It's no secret that private schools depend on their alumni to bankroll the billion-dollar endowments necessary to sustain a modern university.
And although it remains unclear what effect the lacrosse scandal has had on Duke's alumni relations, one thing is certain-there are strong opinions all around.
"The conduct of the administration and certain parts of the faculty has had a chilling effect. I'm less excited about the prospect of sending money back to Duke," said Peter Bove, Trinity '99. "It was the exact inverse effect of a successful basketball season."
Duke alumni are involved at every level of the case. Jim Cooney, defense attorney for indicted lacrosse player Reade Seligmann, graduated from Trinity College of Arts and Sciences in 1979.
One other alumnus with deep ties to the University is Dave Sandridge, who served a fellowship at the Duke University Medical Center, in addition to sending his daughter to Duke. He said, though, that the lacrosse case has deterred him from supporting the University financially.
"I won't be giving Duke any more money," Sandridge wrote in an e-mail. "My daughter's women's studies professors were annoying to me in the '80s. What I read now is not only annoying, but frightening."
But the alumni by no means share a unanimous opinion, and though those ceasing to donate may be vocal critics, they may be in the minority.
"I've probably spoken in 30 alumni settings since last April, and very few have cut off their donations," President Richard Brodhead said in an interview last week. "Gifts did not go down after March of last year. I regarded those gifts as a vote of confidence."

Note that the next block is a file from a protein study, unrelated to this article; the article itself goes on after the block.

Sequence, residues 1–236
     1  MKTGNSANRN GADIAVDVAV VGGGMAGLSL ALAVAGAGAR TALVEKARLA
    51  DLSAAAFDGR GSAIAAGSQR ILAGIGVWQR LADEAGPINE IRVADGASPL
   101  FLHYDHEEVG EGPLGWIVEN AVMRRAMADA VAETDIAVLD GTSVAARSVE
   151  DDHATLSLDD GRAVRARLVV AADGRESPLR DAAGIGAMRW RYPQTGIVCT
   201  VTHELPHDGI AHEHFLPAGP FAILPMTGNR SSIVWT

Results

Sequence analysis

There may be a middle ground.
Though he often posts criticism of the administration on online message boards, W. Tate Scott, Trinity '75 and Fuqua '78, said he has not reduced his contributions and continues to interview prospective students.
He said he is avoiding a rush to judgment of the administration's actions and that the real culprits in the scandal are the "Group of 88" professors who signed a controversial advertisement in an April 6 issue of The Chronicle. Many members of that original group followed up on the ad with a second statement this month.
Scott added that professors from the School of Law and Department of Economics should speak to the media as individuals, without invoking their association with the University.
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"The Group of 88 was despicable," he said. "They pushed this from a small case to international scrutiny."
That sentiment is shared by many alumni, including Tom Truscott, Trinity '75 and Grad '81, who said the Group of 88 became "the de facto spokespeople of Duke."
Truscott said he paid his annual alumni dues and then, before giving additional donations, waited to no avail for Duke to break its silence and defend its students.
"Words do matter and Duke's were abysmal," he wrote in an e-mail. "I waited, Brodhead's Dec. 22 statement ended my wait. No contribution."
Even though some alumni have refrained from donating to the University, the case's long-term impact is impossible to measure at this time, said Peter Vaughn, Duke's executive director of alumni and development communications.
His office has received thousands of letters in response to the scandal, but the majority are supportive of the University, he said.
Vaughn noted that even some of the most fervent critics continue to donate to their alma mater.
"A great many people-even when they disagree with the University-continue to support it financially," Vaughn said, adding that this principle has held true during previous controversies.
"The truth is that the vast majority of what goes on at Duke has nothing to with lacrosse, but you certainly wouldn't know that reading the media," he added.
Donations are on track for this fiscal year, although the total number of donors has fallen, Vaughn said.
"Do I wish that the lacrosse incident hadn't happened? Absolutely, for all kinds of reasons-but, if nothing else, it illustrates that people care about this place whether they're angry or not," he said.